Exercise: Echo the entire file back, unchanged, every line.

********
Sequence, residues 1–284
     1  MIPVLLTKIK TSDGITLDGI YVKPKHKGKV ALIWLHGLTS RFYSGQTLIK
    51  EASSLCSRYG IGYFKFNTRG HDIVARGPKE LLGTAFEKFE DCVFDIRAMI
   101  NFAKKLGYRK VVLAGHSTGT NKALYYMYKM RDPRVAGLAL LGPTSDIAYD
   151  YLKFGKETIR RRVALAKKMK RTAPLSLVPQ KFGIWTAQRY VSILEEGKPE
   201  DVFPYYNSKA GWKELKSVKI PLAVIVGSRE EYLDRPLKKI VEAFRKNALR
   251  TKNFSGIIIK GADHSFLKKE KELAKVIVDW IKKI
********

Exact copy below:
Sequence, residues 1–284
     1  MIPVLLTKIK TSDGITLDGI YVKPKHKGKV ALIWLHGLTS RFYSGQTLIK
    51  EASSLCSRYG IGYFKFNTRG HDIVARGPKE LLGTAFEKFE DCVFDIRAMI
   101  NFAKKLGYRK VVLAGHSTGT NKALYYMYKM RDPRVAGLAL LGPTSDIAYD
   151  YLKFGKETIR RRVALAKKMK RTAPLSLVPQ KFGIWTAQRY VSILEEGKPE
   201  DVFPYYNSKA GWKELKSVKI PLAVIVGSRE EYLDRPLKKI VEAFRKNALR
   251  TKNFSGIIIK GADHSFLKKE KELAKVIVDW IKKI